YouGov asked people what should happen next – only 16% of people thought Britain should accept the deal as it is, 11% would prefer to reopen negotiations and seek a better deal, 19% to leave without a deal, 8% to have a referendum on the deal and 28% to just remain in the EU after all. In practice, of course, some of these options may not realistically be on the table. If people were forced to choose between the deal or leaving without one, 60% would choose the deal, 40% no deal. On the other hand, if the choice was between the deal and having a fresh referendum, people would prefer a new referendum by 56% to 44%.

Survation’s poll included some similar choices (though unlike the YouGov ones, they didn’t force a choice, people were able to say don’t know). If there was as referendum between the deal or remaining, people said they would prefer remain by 43% to 34%. If there was a referendum between the deal or no deal, people would prefer no deal by 34% to 32%… but with 34% don’t knows, who were largely remainers (and, if push comes to shove, I suspect may prefer a deal over no deal).

Turning to May’s own future, YouGov found that 33% of people think she should stay, 47% think she should resign. The figures in the Survation poll were very similar – 33% thought she should stay, 50% that she should go. Naturally there was more support among Tory voters, but even many Tory supporters think May should go (43% in the YouGov poll, 30% in the Survation poll).

There is, however, little optimism that a change of leader would produce a better outcome. In YouGov’s poll only 27% of people thought that a different Tory Prime Minister would be able to get a better deal (and only 19% thought that a Labour government under Jeremy Corbyn would get a better deal). They were a little more optimistic in the Survation poll, where 38% thought getting rid of May would increase the chances of a good deal.

In short, people don’t like the deal, but there is relatively optimism about the opportunities for anything better. If forced to choose, people would accept the deal rather than leave with no deal, but they’d also rather have a fresh referendum than accept this one. Whether public opinion really matters at this point is a different matter – this is one of those issues where Parliamentary arithmetic (and the internal politics of the Tory party) will be the actual deciding factors… they may be influenced by public opinion but, outside there being another referendum, public opinion is not going to be decisive.


Just to catch up on the post-budget YouGov polling from yesterday’s Times, carried out on Monday evening and Tuesday morning.

At the simplest level, the budget appears to have polled well. All the measures within met with approval and overall people thought it was a fair budget (44% fair, 14% unfair). Compared to other recent budgets, that’s a very positive score. However, in all fairness that’s what one should expect – it was very much a giveaway budget, with the Chancellor making several large spending announcements and very little in the way of tax increases. Even those tax increases that were announced – mostly notably the plastics tax and tax on internet companies – were ones that were largely popular. It’s hardly surprising that sort of budget gets net positive ratings – increases to NHS funding, the personal allowance and the National Living Wage are always likely to go down well.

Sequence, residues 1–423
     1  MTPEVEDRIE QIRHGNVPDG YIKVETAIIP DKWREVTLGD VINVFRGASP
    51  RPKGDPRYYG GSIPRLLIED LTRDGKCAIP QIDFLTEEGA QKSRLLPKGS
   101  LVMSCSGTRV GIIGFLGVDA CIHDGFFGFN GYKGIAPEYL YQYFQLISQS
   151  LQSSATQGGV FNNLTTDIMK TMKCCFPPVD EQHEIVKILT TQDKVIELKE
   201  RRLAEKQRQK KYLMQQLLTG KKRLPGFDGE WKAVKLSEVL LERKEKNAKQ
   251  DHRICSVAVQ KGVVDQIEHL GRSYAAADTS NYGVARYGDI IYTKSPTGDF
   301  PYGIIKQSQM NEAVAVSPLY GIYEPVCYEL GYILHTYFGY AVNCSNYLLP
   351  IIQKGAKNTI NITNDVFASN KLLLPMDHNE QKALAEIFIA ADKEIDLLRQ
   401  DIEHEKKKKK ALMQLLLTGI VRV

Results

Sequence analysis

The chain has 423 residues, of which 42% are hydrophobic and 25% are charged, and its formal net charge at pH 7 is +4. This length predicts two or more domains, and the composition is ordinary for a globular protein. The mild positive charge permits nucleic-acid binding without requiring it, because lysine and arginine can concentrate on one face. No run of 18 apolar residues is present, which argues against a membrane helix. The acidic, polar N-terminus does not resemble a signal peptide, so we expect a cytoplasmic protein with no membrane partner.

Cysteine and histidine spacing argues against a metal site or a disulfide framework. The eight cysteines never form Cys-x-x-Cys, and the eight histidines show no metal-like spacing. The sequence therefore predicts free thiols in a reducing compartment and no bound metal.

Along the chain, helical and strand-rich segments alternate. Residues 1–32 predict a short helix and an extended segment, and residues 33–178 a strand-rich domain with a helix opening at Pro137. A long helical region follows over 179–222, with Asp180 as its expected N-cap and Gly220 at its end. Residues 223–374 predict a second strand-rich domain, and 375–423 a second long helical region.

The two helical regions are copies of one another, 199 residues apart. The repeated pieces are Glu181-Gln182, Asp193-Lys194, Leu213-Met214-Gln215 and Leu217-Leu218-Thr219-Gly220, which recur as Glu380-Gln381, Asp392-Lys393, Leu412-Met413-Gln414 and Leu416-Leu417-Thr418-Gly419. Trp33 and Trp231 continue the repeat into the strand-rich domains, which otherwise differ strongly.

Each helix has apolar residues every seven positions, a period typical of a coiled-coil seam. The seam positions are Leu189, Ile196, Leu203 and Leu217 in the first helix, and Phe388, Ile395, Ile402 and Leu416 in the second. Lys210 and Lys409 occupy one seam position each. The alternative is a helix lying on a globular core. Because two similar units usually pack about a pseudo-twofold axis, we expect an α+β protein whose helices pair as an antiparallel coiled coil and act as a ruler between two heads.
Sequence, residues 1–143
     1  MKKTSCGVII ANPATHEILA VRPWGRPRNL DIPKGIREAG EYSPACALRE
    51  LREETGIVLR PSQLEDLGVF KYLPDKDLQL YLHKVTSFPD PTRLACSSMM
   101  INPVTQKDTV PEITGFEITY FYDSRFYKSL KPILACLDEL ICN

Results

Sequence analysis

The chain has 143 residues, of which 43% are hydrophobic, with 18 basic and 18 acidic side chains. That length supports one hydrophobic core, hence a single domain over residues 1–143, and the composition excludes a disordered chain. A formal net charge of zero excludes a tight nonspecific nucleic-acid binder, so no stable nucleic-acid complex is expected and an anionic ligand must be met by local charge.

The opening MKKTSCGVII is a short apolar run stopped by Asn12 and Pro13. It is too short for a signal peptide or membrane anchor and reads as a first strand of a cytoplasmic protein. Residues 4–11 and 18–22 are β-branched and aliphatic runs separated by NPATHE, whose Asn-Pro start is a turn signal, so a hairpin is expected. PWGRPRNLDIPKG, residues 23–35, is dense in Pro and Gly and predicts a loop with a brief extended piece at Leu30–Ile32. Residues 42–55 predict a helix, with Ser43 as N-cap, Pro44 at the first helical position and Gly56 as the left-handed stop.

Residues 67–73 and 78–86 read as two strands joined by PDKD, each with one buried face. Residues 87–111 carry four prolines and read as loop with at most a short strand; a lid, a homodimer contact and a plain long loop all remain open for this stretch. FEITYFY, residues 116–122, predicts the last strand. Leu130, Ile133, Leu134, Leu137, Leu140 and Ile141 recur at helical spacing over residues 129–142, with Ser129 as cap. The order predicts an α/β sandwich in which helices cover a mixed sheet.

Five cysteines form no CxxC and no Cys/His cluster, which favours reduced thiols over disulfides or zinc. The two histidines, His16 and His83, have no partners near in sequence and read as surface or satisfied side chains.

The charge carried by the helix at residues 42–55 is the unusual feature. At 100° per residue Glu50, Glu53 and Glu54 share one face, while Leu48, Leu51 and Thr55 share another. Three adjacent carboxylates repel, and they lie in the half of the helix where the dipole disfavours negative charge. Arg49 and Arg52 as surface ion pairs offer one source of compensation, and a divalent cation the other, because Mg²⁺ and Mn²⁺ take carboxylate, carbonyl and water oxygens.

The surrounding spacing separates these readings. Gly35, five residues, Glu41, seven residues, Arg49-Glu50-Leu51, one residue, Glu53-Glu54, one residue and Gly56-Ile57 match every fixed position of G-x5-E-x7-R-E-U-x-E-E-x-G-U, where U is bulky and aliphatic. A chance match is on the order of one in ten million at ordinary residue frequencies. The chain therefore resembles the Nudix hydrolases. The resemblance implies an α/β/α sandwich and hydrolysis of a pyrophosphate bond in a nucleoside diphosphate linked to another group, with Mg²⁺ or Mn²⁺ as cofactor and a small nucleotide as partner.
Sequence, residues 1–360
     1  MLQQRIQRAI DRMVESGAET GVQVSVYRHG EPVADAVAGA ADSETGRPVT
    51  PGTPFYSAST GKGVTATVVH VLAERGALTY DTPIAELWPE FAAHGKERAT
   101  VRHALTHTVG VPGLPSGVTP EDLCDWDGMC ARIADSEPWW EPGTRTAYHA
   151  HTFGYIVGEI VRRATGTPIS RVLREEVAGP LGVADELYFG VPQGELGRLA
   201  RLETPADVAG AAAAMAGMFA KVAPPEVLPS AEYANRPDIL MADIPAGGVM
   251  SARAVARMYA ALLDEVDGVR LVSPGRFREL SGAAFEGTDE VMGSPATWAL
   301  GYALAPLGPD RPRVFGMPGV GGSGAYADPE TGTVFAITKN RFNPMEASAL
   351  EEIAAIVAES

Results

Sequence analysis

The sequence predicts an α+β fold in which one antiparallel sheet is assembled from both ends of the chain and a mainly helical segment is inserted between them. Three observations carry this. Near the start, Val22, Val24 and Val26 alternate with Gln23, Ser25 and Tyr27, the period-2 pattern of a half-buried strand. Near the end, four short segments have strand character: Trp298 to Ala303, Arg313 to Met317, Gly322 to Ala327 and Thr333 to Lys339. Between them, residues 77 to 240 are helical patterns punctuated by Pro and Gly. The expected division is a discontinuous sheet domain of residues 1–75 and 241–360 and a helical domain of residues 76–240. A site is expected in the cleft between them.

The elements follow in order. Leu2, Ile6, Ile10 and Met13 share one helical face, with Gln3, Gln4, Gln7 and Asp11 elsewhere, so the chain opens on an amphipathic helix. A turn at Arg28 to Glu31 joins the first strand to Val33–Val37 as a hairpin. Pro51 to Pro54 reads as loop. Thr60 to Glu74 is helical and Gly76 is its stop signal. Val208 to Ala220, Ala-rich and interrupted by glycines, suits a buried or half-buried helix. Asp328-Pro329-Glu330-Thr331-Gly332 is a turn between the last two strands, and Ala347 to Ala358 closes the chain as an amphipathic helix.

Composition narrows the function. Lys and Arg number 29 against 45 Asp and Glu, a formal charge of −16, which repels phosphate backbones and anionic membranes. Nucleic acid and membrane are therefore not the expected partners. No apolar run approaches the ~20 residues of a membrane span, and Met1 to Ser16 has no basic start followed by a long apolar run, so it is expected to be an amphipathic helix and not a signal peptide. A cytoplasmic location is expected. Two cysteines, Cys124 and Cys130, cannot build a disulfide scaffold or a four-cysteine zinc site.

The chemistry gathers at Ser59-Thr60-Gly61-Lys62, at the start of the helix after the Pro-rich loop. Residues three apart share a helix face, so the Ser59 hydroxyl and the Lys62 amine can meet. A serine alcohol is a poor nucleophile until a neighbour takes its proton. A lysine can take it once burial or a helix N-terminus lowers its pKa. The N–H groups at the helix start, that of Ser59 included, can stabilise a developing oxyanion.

A positively received budget does not, however, necessarily translate into a boost in the polls. The voting intention figures in the poll are CON 41%(nc), LAB 39%(+3), LDEM 7%(-1), UKIP 5%(+1). The three point increase in Labour support doesn’t necessarily mean anything – it’s within the normal margin of error – but it certainly doesn’t point towards a budget boost for the Tories.

The poll also asked about the wider perceptions around the “end of austerity”, and here the figures are far less rosy for the Conservatives. Looking back, by 36% to 29% people think that the austerity polices followed after the 2010 election were necessary, though by 36% to 30% they now think they didn’t help the economy and by 43% to 20% they think they were unfair.

58% of people now think it is right to end austerity (27% who think it was wrong to begin with, 31% who thought it was right at the time, but it is now time to end it). Unfortunately for the government, while people may be in agreement with their stated policy, they don’t actually believe they are doing it – only 10% think the government have ended austerity policies, 50% think they have not.

Full tabs are .


Ipsos MORI’s monthly political monitor poll for the Standard was published yesterday. Topline voting intentions were CON 39%, LAB 37%, LDEM 10%, UKIP 5%. The two point lead is unchanged from MORI’s previous poll in September, and are very much in line with the other recent voting intention polls since my last update. YouGov and Kantar polls last week both showed 5 point Conservative leads, a Survation poll a one point Tory lead.

While voting intention polls continue to show a small Tory lead, the underlying figures remain poor. People don’t rate the government or the Prime Minister (net satisfaction for the government is minus 48, for Theresa May it’s minus 32), economic optimism is low (61% expect the general economic condition of the country to get worse over the next year) and confidence in May’s ability to get a good Brexit deal continues to trickle downwards, this latest poll has 19% saying they are confident, 78% saying they are not.

Full tabs for the MORI poll are here.